brother (fellow Christian)

The Greek that is translated in English as “brother” (in the sense of a fellow Christian) is translated with a specifically coined word in Kachin: “There are two terms for brother in Kachin. One is used to refer to a Christian brother. This term combines ‘older and younger brother.’ The other term is used specifically for addressing siblings. When one uses this term, one must specify if the older or younger person is involved. A parallel system exists for ‘sister’ as well. In [these verses], the term for ‘a Christian brother’ is used.” (Source: Gam Seng Shae)

In Martu Wangka it is translated as “relative” (this is also the term that is used for “follower”.) (Source: Carl Gross)

See also brothers.

church

The Greek that is often translated as “church” in English is translated into Avaric as imanl’urazul ahlu: “the community of believers” or “the believing people.” Magomed-Kamil Gimbatov and Yakov Testelets (in The Bible Translator 1996, p. 434ff.) talk about the genesis of this term:

“The word ‘Church’ presents particular difficulties, as we might expect when we think that even many Christians do not understand it correctly. When people today say ‘church,’ they often mean a particular building, or an organization consisting chiefly of clergy (priests and monks). It is even harder to find a word or combination of words which adequately translates the meaning for people unfamiliar with Christianity. Surprisingly, the Greek word ekklesia, indicating in the classical language ‘an assembly of the people,’ ‘a gathering of citizens,’ has come into Avar and other Dagestani languages in the form kilisa. This, like the word qanch (‘cross’), is an ancient borrowing, presumably from the time before the arrival of Islam, when Dagestan came under the influence of neighboring Christian states. In modern usage, however, this word indicates a place of Christian worship. Thus it is completely inappropriate as a translation of its New Testament ancestor ekklesia.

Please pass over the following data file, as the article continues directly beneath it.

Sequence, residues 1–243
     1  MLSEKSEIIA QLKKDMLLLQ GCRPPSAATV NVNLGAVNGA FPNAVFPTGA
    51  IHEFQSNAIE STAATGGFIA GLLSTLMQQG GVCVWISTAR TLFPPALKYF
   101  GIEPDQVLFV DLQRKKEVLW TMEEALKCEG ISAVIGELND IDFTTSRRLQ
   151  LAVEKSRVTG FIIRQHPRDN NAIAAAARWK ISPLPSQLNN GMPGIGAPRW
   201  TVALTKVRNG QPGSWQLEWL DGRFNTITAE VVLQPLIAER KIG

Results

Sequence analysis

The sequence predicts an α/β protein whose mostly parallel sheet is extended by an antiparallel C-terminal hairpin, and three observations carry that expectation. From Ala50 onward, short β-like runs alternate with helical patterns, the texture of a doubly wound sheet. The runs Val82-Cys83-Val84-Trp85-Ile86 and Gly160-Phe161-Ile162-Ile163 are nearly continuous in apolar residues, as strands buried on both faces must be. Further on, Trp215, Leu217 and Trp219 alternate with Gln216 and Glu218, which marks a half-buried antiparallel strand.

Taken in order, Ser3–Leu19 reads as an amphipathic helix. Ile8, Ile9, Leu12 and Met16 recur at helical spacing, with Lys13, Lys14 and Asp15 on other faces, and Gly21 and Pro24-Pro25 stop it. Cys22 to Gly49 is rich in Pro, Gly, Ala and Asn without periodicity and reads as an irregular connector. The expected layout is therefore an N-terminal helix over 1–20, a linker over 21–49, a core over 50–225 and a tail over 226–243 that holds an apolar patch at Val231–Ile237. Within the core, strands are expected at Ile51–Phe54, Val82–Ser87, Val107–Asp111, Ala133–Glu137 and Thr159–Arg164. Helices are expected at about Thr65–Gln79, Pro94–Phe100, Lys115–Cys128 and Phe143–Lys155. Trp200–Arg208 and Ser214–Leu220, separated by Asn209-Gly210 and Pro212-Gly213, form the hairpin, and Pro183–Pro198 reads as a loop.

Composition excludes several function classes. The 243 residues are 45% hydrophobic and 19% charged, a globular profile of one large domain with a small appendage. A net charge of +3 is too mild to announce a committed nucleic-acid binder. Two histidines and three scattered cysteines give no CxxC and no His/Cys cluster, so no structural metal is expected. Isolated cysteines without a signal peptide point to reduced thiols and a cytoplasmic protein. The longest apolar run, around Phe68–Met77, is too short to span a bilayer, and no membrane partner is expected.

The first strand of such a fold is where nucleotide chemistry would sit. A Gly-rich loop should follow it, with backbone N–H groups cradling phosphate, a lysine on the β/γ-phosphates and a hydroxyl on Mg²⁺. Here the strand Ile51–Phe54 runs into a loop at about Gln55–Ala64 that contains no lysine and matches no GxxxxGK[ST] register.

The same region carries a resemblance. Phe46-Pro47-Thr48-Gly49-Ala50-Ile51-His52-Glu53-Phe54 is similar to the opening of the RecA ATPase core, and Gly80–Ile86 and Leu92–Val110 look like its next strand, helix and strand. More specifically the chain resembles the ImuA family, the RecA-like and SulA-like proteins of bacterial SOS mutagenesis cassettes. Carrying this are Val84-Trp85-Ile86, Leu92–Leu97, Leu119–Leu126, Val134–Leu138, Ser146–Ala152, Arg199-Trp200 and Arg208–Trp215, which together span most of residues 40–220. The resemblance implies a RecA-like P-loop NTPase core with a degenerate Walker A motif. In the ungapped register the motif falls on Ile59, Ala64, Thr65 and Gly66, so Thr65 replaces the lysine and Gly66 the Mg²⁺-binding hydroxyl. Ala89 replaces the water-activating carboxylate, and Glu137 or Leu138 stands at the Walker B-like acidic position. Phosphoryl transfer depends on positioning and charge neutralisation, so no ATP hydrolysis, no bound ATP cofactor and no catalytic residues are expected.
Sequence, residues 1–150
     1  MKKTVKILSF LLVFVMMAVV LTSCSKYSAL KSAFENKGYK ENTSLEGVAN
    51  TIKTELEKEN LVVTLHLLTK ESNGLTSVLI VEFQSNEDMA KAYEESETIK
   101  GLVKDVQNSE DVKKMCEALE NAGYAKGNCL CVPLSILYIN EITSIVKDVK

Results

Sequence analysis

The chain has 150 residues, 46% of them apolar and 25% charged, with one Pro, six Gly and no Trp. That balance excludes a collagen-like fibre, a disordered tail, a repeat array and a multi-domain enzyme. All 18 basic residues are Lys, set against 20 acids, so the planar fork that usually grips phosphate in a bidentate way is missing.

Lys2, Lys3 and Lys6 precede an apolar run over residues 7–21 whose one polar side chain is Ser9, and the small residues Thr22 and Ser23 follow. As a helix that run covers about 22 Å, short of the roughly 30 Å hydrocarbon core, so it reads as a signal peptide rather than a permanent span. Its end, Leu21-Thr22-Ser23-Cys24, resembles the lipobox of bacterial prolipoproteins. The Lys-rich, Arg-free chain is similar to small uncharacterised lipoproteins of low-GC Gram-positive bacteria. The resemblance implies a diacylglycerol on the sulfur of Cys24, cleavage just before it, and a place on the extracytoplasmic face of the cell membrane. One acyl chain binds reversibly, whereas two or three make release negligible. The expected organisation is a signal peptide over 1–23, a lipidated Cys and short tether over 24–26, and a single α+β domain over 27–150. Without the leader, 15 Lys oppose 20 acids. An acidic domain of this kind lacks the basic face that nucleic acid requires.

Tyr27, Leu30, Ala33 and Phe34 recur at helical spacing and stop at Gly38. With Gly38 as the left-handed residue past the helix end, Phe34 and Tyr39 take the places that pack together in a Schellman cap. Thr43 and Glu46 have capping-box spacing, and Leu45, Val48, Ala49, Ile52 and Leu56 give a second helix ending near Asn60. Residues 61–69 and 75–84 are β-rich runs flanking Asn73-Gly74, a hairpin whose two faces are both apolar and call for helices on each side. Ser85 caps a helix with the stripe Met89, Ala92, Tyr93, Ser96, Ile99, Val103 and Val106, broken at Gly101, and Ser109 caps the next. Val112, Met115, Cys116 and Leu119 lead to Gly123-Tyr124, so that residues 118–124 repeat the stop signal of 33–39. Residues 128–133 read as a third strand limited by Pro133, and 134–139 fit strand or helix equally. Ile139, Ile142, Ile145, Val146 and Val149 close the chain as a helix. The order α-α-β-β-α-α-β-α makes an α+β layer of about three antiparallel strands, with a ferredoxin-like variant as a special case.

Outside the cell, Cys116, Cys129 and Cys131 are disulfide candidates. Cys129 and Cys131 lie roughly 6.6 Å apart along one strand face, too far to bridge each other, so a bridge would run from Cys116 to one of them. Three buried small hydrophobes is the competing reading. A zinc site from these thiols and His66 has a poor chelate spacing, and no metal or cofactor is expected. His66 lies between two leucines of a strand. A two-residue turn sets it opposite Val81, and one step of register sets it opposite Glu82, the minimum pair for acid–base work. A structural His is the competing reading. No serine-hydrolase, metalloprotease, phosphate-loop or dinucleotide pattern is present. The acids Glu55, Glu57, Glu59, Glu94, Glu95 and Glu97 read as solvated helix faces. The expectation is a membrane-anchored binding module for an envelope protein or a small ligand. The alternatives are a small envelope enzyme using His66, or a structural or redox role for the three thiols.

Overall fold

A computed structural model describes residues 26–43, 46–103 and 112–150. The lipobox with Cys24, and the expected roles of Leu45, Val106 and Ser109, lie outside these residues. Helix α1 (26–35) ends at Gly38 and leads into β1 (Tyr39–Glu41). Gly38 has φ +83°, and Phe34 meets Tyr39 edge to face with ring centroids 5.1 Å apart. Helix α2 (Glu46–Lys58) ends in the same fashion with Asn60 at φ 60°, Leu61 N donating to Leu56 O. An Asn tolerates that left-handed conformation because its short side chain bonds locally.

“We were obliged to look at various words which are closer to the meaning of the Greek. Some of these words are dandel’i (‘meeting’), danderussin (‘assembly’), the Arabic-derived mazhlis (‘meeting, conference’), zhama’at (‘society, community’), ahlu (‘race, people, family, group of people united by a common goal or interest’, as in the Arabic phrase ahlu-l-kitab ‘people of the Book’ or ‘people of the Scriptures’), which describes both Jews and Christians, and ummat (‘people, tribe’). In Islamic theology the phrase ‘Mohammed’s ummat’ means the universal community of Muslims, the Muslim world, in the same way as the Christian world is known as ‘Isa’s ummat.’ None of these descriptions on their own, without explanation, can be used to translate the word ‘Church’ in the New Testament. Thus, after long consideration, we adopted the phrase imanl’urazul ahlu, meaning ‘the community of believers,’ ‘the believing people,’ This translation corresponds closely to New Testament teaching about the Church.

“It is interesting that the same word ahlu with the meaning ‘tribe, community’ has been used by translators for different reasons in the introduction to the Gospel of Luke in order to translate the expression in the original Greek pepleroforemenon en hemin pragmaton (πεπληροφορημένων ἐν ἡμῖν πραγμάτων), which the Russian Synodal translation renders ‘about the events well-known amongst us’ (Luke 1:1). The expression ‘amongst us’ cannot be translated literally into Avar, but has to be rendered ‘among our people’; and here the same term was used as for the word ‘church’, literally ‘among our tribe, community (ahlu).'”